The Spotlight on Texas


Credit: Matt Beamesderfer
By: Lily Hughes

A series of mistakes in death penalty cases in Texas—including some where executions were carried out—continues to expose the injustice of the Texas death penalty.           

Claude Jones was executed in 2000 in Texas--just one of 152 people put to death during George W. Bush's reign as governor.          

This fall, the case made headlines again when testing of the DNA evidence used to convict Jones was found not to match him. A single hair found at the crime scene, supposedly proven to belong to Jones, was the key piece of evidence in his conviction. The new testing was requested by the Innocence Project and the Texas Observer magazine.    

Sadly, when Jones was approaching an execution date in 2000, his appellate attorneys applied for new DNA testing, but were denied. When the case came across Bush's desk during the clemency process, the application for DNA testing was left out of the file and Bush denied relief.           

Meanwhile, another case of an executed prisoner continues to garner headlines. Cameron Todd Willingham was killed in 2004 for allegedly setting a fire that killed his three children. Several arson experts have reexamined the evidence and concluded that the original fire investigators who testified at the trial were incompetent, didn't follow standards protocol of that time and ignored details that could have exonerated Willingham.           

Despite the existence of a report challenging the arson findings, Perry and the courts both refused to stop the 2004 execution. After Willingham was put to death, a new report prepared for the Texas Forensic Science Commission by arson expert Craig Beyler accused the initial investigators of ignoring current scientific methods and basing their finding of arson on "folklore" and "myths."           

Perry's response? In October 2009, he removed three of the commission's board members--including the chair--two days before they were scheduled to review Beyler's report on the case. Perry appointed a strongly pro-death penalty district attorney, John Bradley, as the head of the commission.           

However, Bradley's subsequent efforts to squash the investigation weren't successful, and Beyhler and other experts finally presented their findings at a meeting in early January this year. Now the Commission must determine whether there was negligence on the part of the initial investigators, which should not have resulted in a finding of arson as the cause of the fire.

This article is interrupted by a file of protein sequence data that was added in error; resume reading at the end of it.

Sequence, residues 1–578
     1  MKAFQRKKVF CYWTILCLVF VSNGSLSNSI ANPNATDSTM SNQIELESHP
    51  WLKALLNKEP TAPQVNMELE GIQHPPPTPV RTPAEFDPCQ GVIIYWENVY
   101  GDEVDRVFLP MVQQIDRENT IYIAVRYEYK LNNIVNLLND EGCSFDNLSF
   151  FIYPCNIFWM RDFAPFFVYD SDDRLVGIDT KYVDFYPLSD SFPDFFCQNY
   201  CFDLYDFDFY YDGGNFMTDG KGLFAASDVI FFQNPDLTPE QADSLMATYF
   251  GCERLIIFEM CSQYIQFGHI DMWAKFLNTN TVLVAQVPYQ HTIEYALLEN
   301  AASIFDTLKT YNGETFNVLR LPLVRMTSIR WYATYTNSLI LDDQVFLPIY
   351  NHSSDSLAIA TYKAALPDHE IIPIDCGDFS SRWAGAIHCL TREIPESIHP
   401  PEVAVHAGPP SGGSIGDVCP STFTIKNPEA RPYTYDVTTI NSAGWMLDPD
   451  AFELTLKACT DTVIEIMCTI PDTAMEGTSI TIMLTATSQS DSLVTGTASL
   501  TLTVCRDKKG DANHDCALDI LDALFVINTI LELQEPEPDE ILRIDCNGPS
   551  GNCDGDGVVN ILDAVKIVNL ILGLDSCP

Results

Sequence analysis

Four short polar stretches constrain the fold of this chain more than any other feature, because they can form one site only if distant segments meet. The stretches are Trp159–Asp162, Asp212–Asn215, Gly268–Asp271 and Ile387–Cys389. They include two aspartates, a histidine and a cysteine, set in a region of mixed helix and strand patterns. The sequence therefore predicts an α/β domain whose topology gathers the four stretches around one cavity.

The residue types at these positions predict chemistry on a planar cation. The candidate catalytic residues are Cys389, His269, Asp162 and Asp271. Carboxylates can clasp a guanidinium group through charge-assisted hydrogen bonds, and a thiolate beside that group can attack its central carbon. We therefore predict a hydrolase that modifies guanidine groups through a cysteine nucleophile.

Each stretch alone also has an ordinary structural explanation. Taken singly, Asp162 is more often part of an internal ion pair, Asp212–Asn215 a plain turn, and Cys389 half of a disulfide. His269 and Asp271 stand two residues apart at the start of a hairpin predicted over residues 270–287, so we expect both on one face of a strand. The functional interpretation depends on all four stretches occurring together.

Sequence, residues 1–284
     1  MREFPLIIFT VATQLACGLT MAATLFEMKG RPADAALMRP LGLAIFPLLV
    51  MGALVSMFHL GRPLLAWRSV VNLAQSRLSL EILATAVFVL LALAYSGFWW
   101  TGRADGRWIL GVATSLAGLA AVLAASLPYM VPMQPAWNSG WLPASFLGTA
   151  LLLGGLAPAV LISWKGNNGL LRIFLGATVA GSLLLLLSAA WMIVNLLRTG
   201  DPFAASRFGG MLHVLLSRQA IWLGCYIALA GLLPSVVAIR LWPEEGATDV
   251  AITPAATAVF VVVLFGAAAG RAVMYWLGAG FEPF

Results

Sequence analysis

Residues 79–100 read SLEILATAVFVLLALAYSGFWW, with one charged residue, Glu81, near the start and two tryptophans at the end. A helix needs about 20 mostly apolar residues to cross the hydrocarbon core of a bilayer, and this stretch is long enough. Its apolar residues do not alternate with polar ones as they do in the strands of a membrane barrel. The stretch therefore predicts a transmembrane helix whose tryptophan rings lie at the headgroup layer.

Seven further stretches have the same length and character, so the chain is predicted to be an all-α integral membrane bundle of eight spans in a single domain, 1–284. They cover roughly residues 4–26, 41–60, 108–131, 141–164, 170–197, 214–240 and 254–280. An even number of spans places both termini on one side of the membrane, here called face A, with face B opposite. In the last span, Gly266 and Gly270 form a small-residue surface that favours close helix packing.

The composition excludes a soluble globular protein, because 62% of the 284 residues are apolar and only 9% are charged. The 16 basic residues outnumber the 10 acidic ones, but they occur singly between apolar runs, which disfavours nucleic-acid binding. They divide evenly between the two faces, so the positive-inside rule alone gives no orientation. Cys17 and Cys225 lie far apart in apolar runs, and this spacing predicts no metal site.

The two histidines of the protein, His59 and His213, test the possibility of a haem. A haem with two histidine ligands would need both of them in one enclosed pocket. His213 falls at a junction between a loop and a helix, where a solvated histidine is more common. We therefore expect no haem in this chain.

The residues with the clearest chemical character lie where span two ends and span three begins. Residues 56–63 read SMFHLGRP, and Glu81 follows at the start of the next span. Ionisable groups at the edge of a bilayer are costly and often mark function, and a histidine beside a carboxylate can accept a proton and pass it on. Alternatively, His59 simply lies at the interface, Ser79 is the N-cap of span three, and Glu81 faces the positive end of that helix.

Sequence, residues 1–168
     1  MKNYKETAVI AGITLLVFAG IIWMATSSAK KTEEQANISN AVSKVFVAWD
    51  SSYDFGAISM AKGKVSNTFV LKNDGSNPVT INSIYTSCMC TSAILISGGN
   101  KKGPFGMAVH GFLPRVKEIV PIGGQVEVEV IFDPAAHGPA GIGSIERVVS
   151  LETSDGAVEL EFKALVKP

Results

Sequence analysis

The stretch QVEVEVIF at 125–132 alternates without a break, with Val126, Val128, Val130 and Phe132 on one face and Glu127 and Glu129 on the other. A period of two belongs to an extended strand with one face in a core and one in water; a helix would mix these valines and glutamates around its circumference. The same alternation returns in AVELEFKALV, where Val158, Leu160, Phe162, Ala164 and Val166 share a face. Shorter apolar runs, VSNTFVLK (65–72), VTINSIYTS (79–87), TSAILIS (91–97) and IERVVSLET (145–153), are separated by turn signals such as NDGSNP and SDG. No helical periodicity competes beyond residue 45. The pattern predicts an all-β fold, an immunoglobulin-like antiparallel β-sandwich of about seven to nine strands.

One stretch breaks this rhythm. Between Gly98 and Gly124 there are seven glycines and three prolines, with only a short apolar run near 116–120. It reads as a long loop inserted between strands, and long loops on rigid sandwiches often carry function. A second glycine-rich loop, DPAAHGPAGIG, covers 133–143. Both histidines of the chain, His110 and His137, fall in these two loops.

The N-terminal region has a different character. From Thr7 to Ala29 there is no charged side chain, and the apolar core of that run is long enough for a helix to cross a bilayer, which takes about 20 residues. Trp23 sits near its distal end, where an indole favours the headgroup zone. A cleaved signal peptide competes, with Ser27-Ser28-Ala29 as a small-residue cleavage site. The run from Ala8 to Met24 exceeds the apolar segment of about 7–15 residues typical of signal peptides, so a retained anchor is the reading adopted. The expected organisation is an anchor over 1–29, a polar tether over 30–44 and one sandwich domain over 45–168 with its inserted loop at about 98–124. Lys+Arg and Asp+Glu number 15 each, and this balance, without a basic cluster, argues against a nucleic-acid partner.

In a bright spot here, Anthony Graves was freed in October 2010 after serving 18 years in prison--14 on Texas’ death row--for a crime he didn't commit. Anthony spent the last four years in a Burleson County Jail awaiting a new trial in the murder of six people, when the prosecutor's office suddenly decided to drop all the charges.           

"He's an innocent man," said District Attorney Bill Parham. "There is nothing that connects Anthony Graves to this crime. I did what I did because that's the right thing to do."           

There was not a shred of physical evidence linking Graves to the crime. The only witness against Graves had recanted his testimony years before, including to the prosecutor just hours before Anthony's trial. Robert Carter, who was executed for his role in the crime, had written at least half a dozen people over the years, declaring that Anthony was innocent.           

Despite this, Anthony was repeatedly denied relief in the Texas courts. A federal appeals court finally overturned his conviction—it took 4 years for the DA in the case to finally drop the charges.           

The revelations about the evidence in these cases seem to be par for the course in Texas. It is because of cases like these that Houston Judge Kevin Fine last spring ruled the death penalty unconstitutional in a capital murder case he is presiding over.        

After a firestorm of criticism, Fine rescinded the ruling but ordered hearings to explore the issue. The hearings finally commenced in December last year and were to include expert testimony from all sides of the issue. The first day of the hearings, the prosecution sat silently, refusing to participate in the proceedings. They then rushed to file an appeal with the Texas Court of Criminal Appeals to halt the hearings. The CCA suspended the proceedings, and then issued a ruling in mid-January permanently stopping the hearings.

 The court’s decision to once again suppress a legal challenge to the death penalty in Texas was no surprise. The CCA declined to grant an appeal to Anthony Graves after all—it was federal court that eventually granted relief. Combined with the actions of various authorities in the Cameron Todd Willingham case, and it is clear that the state of Texas cannot be trusted when it comes to the use of the death penalty. It's time to SHUT IT DOWN!